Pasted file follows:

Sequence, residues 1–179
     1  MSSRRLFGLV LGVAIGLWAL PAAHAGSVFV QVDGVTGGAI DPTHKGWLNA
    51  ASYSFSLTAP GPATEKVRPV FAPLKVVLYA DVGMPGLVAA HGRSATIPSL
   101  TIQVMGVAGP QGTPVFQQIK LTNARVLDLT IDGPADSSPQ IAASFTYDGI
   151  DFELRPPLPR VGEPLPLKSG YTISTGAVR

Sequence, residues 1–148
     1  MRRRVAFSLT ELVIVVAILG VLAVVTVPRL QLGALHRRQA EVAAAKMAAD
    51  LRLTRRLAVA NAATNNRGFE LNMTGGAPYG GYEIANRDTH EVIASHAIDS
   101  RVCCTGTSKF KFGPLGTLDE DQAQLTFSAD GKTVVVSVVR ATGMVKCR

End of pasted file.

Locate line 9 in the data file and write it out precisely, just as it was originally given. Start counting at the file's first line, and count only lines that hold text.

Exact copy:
   101  RVCCTGTSKF KFGPLGTLDE DQAQLTFSAD GKTVVVSVVR ATGMVKCR